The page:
Hometown: Dallas, TX
Current Town: Brooklyn, NY (for two more weeks...then Spartanburg, SC until June 30)
Q: Congrats on being A Hub-Bub Artist is Residence. Tell me about that program. What will you work on while you're there?
A: Thanks! The program brings together four artists-in-residence, one filmmaker, two visual artists and one theatre artist, living together in Spartanburg, SC. We live in a building that also houses The Showroom, a performance space/gallery space in downtown Spartanburg, SC. My time will be split between collaborating with fellow residents, working on community-based projects (including site-specific work, I hope), working with the Hub-Bub organization and furthering my own portfolio of writing and theatre work.
Q: What else are you working on?
A: I just finished a commission for Spark and Echo Arts that is a reflection on and response to Psalm 137, a experimental video project that will be displayed on their website soon. I'm currently re-drafting Blood Quantum, a play about Texas and magic, finishing a half-hour original pilot and writing a first draft of an untitled road trip screenplay. I'm also working on two different benefits: one that Winter Miller is helming, on December 17th at the New Ohio, and one that will be part of V-Day's One Billion Rising for Justice in NYC - a fundraiser for the amazing City of Joy that will feature extraordinary new work engaging theatrically with justice. That will be in February.
Q: Tell me, if you will, a story from your childhood that explains who you are as a writer or as a person.
A: When I was a kid, I couldn't stand still. I used to talk to my mom and just jump up and down while I was talking to her; when I got excited about something I would run around the house as an expression of my excitement. I remember really clearly the first time it occurred to me that I could be a writer - for a living - I was composing a poem in purple pen in my Lisa Frank Trapper Keeper. After that I COULD NOT stand still. I was just running up and down the hallways thinking about all the different things I could write.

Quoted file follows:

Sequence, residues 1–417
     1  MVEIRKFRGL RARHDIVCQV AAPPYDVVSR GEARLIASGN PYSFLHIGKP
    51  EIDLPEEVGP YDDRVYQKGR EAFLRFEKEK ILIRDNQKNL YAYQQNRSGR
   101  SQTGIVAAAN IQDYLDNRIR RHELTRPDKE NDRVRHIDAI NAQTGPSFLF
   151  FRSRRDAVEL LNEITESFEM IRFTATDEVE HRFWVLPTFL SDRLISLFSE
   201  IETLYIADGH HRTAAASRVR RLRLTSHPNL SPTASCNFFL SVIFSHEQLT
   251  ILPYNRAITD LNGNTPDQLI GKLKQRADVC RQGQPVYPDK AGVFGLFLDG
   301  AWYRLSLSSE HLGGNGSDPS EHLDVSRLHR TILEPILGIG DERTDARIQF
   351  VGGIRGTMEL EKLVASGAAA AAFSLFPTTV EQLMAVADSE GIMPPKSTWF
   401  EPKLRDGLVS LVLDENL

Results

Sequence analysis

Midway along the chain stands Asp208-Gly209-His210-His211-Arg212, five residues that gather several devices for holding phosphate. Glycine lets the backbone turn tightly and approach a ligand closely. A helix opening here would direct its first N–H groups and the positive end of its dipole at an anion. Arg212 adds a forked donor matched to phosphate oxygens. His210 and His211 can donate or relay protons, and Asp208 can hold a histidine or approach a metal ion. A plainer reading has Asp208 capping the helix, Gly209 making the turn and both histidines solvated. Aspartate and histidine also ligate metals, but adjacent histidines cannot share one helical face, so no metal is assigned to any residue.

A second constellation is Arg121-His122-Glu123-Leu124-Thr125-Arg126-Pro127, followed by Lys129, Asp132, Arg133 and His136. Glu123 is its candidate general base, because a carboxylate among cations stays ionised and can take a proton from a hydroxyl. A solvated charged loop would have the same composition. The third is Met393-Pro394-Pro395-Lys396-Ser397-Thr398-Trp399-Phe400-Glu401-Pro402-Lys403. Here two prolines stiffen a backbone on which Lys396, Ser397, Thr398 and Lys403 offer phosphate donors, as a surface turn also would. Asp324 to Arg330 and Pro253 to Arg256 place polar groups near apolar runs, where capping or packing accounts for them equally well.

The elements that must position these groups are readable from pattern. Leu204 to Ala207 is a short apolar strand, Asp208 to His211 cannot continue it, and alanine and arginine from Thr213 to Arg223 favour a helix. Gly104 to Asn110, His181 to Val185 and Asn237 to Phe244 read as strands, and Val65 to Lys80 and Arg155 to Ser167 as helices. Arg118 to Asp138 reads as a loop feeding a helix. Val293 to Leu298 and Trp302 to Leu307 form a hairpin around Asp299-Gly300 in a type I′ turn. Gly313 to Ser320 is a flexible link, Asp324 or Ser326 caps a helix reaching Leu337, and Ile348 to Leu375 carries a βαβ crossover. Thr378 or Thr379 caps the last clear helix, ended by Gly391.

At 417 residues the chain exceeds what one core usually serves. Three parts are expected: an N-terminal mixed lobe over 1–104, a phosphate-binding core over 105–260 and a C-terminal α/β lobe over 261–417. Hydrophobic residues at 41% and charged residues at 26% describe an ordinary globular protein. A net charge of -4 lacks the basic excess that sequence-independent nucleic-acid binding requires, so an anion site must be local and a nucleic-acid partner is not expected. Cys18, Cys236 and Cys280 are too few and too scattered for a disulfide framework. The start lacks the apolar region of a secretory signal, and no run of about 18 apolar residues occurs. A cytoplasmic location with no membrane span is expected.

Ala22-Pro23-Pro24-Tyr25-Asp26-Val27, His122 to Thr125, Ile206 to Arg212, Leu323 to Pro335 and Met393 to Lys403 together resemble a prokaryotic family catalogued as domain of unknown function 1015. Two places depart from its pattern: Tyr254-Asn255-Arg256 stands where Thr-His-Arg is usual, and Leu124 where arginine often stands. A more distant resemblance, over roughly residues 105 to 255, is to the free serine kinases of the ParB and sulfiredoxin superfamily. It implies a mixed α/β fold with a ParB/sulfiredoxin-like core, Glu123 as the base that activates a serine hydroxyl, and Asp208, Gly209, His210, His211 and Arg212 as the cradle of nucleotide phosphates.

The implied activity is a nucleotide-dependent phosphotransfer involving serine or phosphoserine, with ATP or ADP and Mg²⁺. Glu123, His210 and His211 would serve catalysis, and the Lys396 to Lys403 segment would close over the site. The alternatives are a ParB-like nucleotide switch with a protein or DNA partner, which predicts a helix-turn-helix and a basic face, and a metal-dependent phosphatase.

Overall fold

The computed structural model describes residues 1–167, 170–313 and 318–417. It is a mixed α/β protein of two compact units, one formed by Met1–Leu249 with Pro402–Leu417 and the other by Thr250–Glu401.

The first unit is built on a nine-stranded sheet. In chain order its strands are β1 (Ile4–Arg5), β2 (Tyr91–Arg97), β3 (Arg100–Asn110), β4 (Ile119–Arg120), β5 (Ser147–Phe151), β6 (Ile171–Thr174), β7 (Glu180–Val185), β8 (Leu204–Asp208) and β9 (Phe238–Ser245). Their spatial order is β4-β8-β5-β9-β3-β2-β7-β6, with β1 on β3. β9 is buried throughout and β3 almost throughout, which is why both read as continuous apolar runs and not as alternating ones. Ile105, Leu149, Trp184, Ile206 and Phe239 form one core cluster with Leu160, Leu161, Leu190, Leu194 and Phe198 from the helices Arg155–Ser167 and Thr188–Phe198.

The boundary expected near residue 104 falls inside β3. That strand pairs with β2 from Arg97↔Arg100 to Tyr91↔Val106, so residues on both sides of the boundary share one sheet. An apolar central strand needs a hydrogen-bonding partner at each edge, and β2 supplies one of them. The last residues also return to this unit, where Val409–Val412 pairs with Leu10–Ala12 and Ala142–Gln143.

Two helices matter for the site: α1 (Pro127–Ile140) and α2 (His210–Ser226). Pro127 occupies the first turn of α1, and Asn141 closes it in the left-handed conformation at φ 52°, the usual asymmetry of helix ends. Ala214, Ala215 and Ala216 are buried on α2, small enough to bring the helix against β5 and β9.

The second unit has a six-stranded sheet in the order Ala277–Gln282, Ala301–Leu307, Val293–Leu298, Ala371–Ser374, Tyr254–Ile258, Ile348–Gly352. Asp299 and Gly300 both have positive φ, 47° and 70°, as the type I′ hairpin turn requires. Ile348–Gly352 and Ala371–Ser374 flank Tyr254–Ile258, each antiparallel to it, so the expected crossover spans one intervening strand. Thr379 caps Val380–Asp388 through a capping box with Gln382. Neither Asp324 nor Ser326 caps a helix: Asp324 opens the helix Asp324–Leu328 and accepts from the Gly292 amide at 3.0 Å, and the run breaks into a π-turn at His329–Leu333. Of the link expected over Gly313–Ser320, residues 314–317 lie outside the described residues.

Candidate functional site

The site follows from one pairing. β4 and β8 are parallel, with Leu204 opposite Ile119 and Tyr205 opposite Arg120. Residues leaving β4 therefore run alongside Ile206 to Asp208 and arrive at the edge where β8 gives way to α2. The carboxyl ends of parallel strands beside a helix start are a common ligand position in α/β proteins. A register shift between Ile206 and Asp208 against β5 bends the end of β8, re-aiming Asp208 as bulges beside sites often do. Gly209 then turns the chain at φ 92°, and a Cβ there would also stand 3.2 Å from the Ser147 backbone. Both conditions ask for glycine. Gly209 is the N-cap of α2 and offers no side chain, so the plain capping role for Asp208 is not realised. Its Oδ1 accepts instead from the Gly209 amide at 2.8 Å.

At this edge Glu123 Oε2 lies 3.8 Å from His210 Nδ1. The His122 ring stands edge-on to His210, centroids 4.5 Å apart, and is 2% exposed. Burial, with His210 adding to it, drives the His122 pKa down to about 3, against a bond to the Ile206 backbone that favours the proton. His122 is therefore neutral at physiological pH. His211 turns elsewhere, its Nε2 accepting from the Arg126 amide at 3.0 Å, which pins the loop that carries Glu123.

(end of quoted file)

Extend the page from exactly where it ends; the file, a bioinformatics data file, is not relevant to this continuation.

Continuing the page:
Shortly thereafter (I was 10), I began my first novel, which was about a girl that used to stare wistfully into a stream that ran through a wheat field. I think the combined facts of that story say pretty much everything about who I am as a writer and a theatre artist. Not much has changed. Less wheat fields, maybe.
Q: If you could change one thing about theater, what would it be?
A: More women playwrights and playwrights of diverse cultural and socioeconomic backgrounds being produced everywhere, all the time. I think we're very slowly moving in that direction, but if I could snap my fingers and have it just be that way, I would do it in a heartbeat.
Q: Who are or were your theatrical heroes?
A: In terms of writers, I greatly admire Caryl Churchill, who I hadn't read much of until everyone interacting with my work told me I had to go read her. then I fell in love. Meredith Monk, for being extraordinary and strange. I also idolize Thomas Ostermeier and his aesthetic: I saw his Hedda Gabler at BAM in 2007 and it's stuck with me in great detail since.
Q: What kind of theater excites you?
A: I love people that do bold and unusual work that strikes at the heart. Some of the best work I've seen in New York has been with Flux Theatre Ensemble, who I'm lucky enough to work with as an associate artist. When I was just out of school and saw The Lesser Seductions of History, it rocked my world pretty hard. I also pretty much adore everything The Debate Society does and continues to do with their work, and I love the honest process of companies like The Assembly and The TEAM, who work so thoroughly and beautifully creating courageous and innovative work.
Q: What advice do you have for playwrights just starting out?
A: Go where your intuition takes you, write a bunch and then find a teacher that kicks your butt on structure so you learn how to put the plays together beautifully. Then, go make plays however you want.
Q: Plugs, please:
A: My short play Voir Dire goes up on December 17th as part of the Mad and Merry Theatre Company's Fractured Fables series at the Access Yheater'. In February, look out for my teen superhero play Invisibility, or Tiny Rockets, done by Adaptive Arts. Stay tuned for the Night of Joy benefit, also in February. Check out my work on Indie Theater Now! http://indietheaternow.com/Playwright/lauren-ferebee or check out my website www.laurenferebee.com.
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